- How much space they have
- Their diet
- Their age
- Their general health
- Their mental health
Take good care of your birds, give them the right coop, space, as much daylight as possible, a good diet, and plenty of mental stimulation to optimize egg production.
Find out how much it REALLY costs to keep chickens here!
Free Printable Chicken Breed Egg Chart
Just click the image to load a less ink-heavy, printer-friendly version of this chicken egg layer chart.
🐔 What are the best chickens for egg-laying?
The best chickens for egg-laying depend on a few different factors. To choose the right breed, consider what type of climate you live in and make sure the breed you choose can tolerate your local climate extremes, whether that’s heat or cold. Next, consider how many eggs you actually want, how much space you have, and whether you’ll let them roam or keep them in a smaller, secure area. Do you want a self-sustaining flock? Do you want egg layers who also make good pets? Or do you want a purely functional flock? Would you prefer dual-purpose birds that you can harvest for meat when they’re no longer as productive? Do you have existing chickens? If so, are they a docile or feisty breed? Do you want a mixed flock or a single breed flock? Answer all of these questions to figure out which chicken breeds are the right choice for you.
🐤 What breed of chicken lays eggs earliest?
If in good health, golden comets, white leghorns, Sussex, Rhode Island Reds, and barred Plymouth Rocks, can all lay as early as 16 weeks.
🥚 Can a Chicken Lay 2 Eggs a Day?
No. At most, in optimal conditions, and depending on the breed, a hen will lay one egg every day or every other day. And, unless you provide steady daylight and warmth during winter, which actually isn’t necessary, egg production will likely drop during colder weather. This is perfectly natural and will increase again when the weather improves.
🥚 How many eggs does a chicken lay in a week?
There’s no simple answer to this. It depends on a lot of factors. The breed, the time of year, her age, her health, her condition, the conditions in which you keep her, and more. If everything is optimal and you have a highly productive breed, you’ll get at least one egg per bird almost every day.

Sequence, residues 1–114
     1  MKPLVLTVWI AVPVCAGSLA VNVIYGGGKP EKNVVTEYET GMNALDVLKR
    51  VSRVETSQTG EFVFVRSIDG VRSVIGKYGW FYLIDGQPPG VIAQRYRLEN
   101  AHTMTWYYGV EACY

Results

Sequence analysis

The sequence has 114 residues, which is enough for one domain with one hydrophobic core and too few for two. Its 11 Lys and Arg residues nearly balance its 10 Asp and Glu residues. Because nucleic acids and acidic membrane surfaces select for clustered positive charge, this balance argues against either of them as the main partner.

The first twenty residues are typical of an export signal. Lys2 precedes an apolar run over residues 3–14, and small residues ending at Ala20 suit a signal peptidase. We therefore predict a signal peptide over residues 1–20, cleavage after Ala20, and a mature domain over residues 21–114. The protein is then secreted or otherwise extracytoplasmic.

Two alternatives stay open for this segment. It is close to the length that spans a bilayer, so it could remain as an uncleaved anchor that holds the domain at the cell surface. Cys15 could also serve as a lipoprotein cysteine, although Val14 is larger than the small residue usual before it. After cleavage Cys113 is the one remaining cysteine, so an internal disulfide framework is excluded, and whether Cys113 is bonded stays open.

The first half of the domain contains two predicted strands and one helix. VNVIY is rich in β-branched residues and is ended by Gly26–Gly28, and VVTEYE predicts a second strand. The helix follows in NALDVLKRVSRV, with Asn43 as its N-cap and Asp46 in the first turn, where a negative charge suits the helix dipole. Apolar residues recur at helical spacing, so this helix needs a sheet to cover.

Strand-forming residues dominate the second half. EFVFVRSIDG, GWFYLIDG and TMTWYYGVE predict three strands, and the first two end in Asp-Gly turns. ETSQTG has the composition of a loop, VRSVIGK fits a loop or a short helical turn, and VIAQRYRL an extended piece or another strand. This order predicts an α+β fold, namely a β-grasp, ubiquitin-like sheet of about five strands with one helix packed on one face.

🐔 How long do chickens lay eggs for?
Chickens live for, on average, about 8 years, and they are the most productive for the first two to three years, then egg production gradually reduces. However, if the birds are healthy, they’ll still lay – just not as often. But they’re still useful – they produce rich fertilizer and happily gobble up all the garden pests you really hate. And, if you’re super practical and the chickens are livestock rather than pets, you may decide to add them to the pot once their egg production drops significantly.
🍳 Are fresh laid eggs safe to eat?
Yes. Mostly. A clean, freshly laid egg from a healthy bird is unlikely to be contaminated with salmonella. However, there’s no 100% guarantee. Take reasonable precautions when handling hens and their eggs. Wash your hands after contact and clean down surfaces that come into contact with raw eggs. Make sure you discard cracked eggs and store the remainder in cool, dry conditions to maximize their lifespan. And, most importantly, make sure you get your hens from a reputable hatchery.
💲 Is raising chickens cheaper than buying eggs?
Not really. But it depends on your outlook. Nothing beats the taste of fresh eggs or the satisfaction of being able to harvest my own eggs. And, according to multiple studies, eggs from healthy backyard flocks are far more nutritious than eggs from commercial flocks. And you know what you’re putting into your birds and what you’re doing with the eggs, so you can be confident that you aren’t feeding your family eggs laden with chemicals and synthetic nasties. And then there’s all the other things that chickens do – they’re awesome weed eaters and pest controllers. They give you an endless supply of fertilizer, and they’re excellent composters and waste recyclers. So, on the surface, unless you normally buy premium organic eggs, no, egg-for-egg, raising your own chickens won’t save you money. But when you also account for fertilizer, built-in weed and pest control, entertainment value, and the quality of their eggs, yes, I firmly believe raising chickens is cheaper than buying eggs.
🐥 How many chickens should a beginner start with?
It depends how many eggs you want and how much space you have. Your chickens won’t be productive if they are over-crowded. They’ll be unhealthy, too. But, because chickens are flocking animals and are not happy alone, you should have a minimum of 3 hens. That should give you roughly a dozen eggs a week, depending on the breed. If you need more eggs than that and have adequate space, get 5 or 6 hens.
🐔 Do chickens get sad when you take their eggs?
No. Most definitely not. Egg laying is instinctive – it’s a biological function no different than their need to scratch, perch, and take a dirt bath. Unless a hen is particularly broody, she’ll leave her egg as soon as she’s laid it and go about her daily business.
🐣 Can you eat a fertilized chicken egg?
Yes. It’s perfectly safe to eat a fertilized chicken egg, assuming your hen hasn’t been sitting on it for so long that it’s transformed into an actual chick. It’s always good practice to collect eggs at least once a day, and particularly if you’ve got a rooster. Even if an egg is fertilized, as soon as you refrigerate it, development stops.